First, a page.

What Are Tonsils and What Are They For?
What are tonsils and what are they for?
The main function of the tonsils (palatine tonsils) is to produce antibodies to fight disease-causing microorganisms, acting as great allies of the immune system.
They are extremely rich in lymphocytes (cells that act to defend the body) and are located in a strategic position (between the mouth, nose, and throat). Therefore, the tonsils come into direct contact with the microorganisms that invade the body through the air or through food.
By developing antibodies to fight specific microorganisms, it makes the body able to defend itself quickly. It creates immunity if it is attacked by the same virus or bacteria next time. Tonsils are a body of defense of extreme importance in the human body. They are one of the first barriers of our organism against aggressions of the environmental system.
Because of their prime but at the same time vulnerable location, the tonsils are frequently contaminated and inflammation and infections are quite common, especially in children.
For a long time, it was believed that the tonsils had no function in the body and therefore, doctors recommended their removal by means of a simple surgery (tonsillectomy).
Today, knowing the immune function of our palatine tonsils, the recommendation to remove them is only with more severe cases. For example, when they are very large (hyperplasia) and interfere with breathing and feeding, chronic halitosis or acute and very frequent bacterial infections.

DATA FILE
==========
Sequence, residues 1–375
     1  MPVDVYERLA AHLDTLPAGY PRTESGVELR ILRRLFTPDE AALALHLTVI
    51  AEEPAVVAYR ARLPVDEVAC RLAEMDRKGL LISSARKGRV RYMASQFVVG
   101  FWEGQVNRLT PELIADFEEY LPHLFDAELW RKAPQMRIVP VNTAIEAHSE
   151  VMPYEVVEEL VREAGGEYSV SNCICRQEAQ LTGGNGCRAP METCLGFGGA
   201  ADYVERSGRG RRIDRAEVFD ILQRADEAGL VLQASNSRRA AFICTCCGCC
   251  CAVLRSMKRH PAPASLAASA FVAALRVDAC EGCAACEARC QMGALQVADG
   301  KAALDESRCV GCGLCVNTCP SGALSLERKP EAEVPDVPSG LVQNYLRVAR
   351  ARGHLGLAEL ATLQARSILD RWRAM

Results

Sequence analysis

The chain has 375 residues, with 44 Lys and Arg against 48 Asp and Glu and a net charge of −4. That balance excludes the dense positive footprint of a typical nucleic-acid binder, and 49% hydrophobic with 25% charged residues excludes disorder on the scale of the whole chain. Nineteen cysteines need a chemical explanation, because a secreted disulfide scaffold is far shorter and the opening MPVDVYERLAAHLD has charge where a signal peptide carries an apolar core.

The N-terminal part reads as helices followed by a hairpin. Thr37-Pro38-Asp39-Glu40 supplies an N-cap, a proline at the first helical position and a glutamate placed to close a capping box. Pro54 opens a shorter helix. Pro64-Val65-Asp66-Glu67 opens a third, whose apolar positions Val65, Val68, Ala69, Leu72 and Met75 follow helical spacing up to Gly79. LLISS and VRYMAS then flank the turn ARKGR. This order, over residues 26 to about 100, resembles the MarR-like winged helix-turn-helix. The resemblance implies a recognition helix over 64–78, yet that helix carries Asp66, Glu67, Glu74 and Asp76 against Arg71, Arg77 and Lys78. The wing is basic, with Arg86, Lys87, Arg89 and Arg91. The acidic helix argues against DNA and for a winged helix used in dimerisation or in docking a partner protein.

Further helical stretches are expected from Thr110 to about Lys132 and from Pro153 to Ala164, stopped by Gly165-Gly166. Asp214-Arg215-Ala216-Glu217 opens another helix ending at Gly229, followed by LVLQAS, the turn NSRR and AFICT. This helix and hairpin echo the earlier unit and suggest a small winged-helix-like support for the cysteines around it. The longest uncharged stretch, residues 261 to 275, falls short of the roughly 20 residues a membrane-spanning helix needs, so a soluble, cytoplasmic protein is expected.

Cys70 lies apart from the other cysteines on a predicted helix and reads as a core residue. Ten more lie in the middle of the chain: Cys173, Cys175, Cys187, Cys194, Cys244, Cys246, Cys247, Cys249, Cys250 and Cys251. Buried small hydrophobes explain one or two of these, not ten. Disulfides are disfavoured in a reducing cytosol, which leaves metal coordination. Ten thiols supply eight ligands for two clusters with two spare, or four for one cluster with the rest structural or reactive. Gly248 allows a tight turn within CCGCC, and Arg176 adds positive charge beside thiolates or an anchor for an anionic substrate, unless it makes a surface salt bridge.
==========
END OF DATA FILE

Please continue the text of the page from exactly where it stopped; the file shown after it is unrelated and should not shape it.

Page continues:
Tonsillitis is an inflammation of the tonsils. Because of their location, the tonsils are vulnerable as the target of viruses and bacteria – and in an attempt to combat them, the body triggers an inflammatory process. The tonsils swell and, in cases caused by a bacterial infection, can even get pus.
Signs and symptoms
– Throat irritation
– Difficulty swallowing
– Enlarged ganglia in the region of the mandible and neck
– Bad breath
– Neck stiffness
– Pus in the tonsils
– Tonsillitis, especially of the viral type, is more common in children
– Gastroesophageal reflux
– Smoking and passive smoking
– Air-conditioned rooms
– Agglomerations in enclosed and non-ventilated places
– Tendons and size of the tonsils (some tonsils, usually bulky, are more susceptible to infections).
Since bacteria and viruses trigger tonsillitis, hygiene measures are important. These include washing hands frequently and not sharing cutlery and glasses with people with symptoms of flu, cold and other infections.
Doctors also advise staying away from cigarette smoke, avoiding sudden changes in temperature, and enclosed and crowded places, especially during the winter.
In situations of viral tonsillitis, ENTs give anti-inflammatories, analgesics, and antipyretics to relieve pain, fever, and other discomforts. In cases of bacterial tonsillitis, antibiotics come on the scene, usually, over 10 days. Keep in mind, the doses of the drugs should never be interrupted without medical authorization, although the condition improves significantly early in the treatment.
Inappropriate use or abuse of this type of medication leads to bacterial resistance. Therefore, you have to proceed with medical guidance and finish all antibiotics.
In some circumstances, the high recurrence of tonsillitis episodes (in childhood or adulthood) causes specialists to opt for a prophylactic procedure: surgical removal of the tonsils.